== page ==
The return trip was fairly uneventful. Only one midcourse correction was required, and passive thermal control was used for most of trans-Earth coast. After a two and a half day coast the astronauts were ready to re-enter Earth's atmosphere.
Bad weather made it necessary to move the splashdown point 346 kilometers (215 miles) downrange to 13deg 19min North and 169deg 9 min West. The recovery vessl, U.S.S. Hornet moved to the rendevouz point.
The journey was completed at 12:50 p.m. EDT on July 24, 1969, when the Columbia splashed down about 812 nautical miles southwest of Hawaii, returning the 3 astronauts safely to Earth. A Navy diver was dropped from a helicopter to deploy a liferaft, and assist the crew from the capsule. After a short helicopter flight, Armstrong, Aldrin, and Collins were soon aboard the Hornet, where they began their three weeks of quarentine.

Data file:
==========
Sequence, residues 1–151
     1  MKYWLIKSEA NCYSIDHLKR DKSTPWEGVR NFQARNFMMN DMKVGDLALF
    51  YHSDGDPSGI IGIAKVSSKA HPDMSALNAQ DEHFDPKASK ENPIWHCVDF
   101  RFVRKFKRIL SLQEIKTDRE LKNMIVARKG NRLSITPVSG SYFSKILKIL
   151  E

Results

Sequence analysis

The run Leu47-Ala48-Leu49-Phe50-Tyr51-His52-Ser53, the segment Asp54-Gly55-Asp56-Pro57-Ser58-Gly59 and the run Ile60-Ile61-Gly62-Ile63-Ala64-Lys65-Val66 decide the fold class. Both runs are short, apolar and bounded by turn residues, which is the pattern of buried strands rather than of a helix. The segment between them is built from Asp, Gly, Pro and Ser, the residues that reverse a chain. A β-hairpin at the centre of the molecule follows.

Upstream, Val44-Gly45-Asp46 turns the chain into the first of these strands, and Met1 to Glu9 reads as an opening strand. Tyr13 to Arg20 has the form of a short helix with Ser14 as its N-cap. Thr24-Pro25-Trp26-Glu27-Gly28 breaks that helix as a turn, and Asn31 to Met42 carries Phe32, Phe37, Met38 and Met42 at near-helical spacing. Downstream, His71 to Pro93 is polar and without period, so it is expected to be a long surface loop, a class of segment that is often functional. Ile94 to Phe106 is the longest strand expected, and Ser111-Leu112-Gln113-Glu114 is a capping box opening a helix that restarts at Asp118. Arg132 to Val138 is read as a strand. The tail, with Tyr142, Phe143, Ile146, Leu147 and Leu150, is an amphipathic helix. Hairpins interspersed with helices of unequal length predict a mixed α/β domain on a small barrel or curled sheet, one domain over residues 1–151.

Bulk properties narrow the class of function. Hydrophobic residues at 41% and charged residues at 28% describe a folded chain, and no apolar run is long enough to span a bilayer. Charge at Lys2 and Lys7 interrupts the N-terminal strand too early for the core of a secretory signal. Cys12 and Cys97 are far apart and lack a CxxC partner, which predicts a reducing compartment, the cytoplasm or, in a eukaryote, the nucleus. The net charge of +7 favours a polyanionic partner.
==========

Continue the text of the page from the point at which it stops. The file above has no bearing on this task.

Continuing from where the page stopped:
The crew of Apollo 11 were treated to a hero's welcome, and are still considered brave pioneers of the space age.
There were five more trips to the moon, as well as the excitement of the Apollo 13 near-disaster, culminating in the last man leaving the moon aboard Apollo 17 in 1972.
The day before the Apollo 11 splashdown, Aldrin said, "We feel this stands as a symbol of the insatiable curiousity of all mankind to explore the unknown." With the success of Apollo 11, the national objective originally put forward by President John F. Kennedy to land men on the Moon and return them safely to Earth had been accomplished.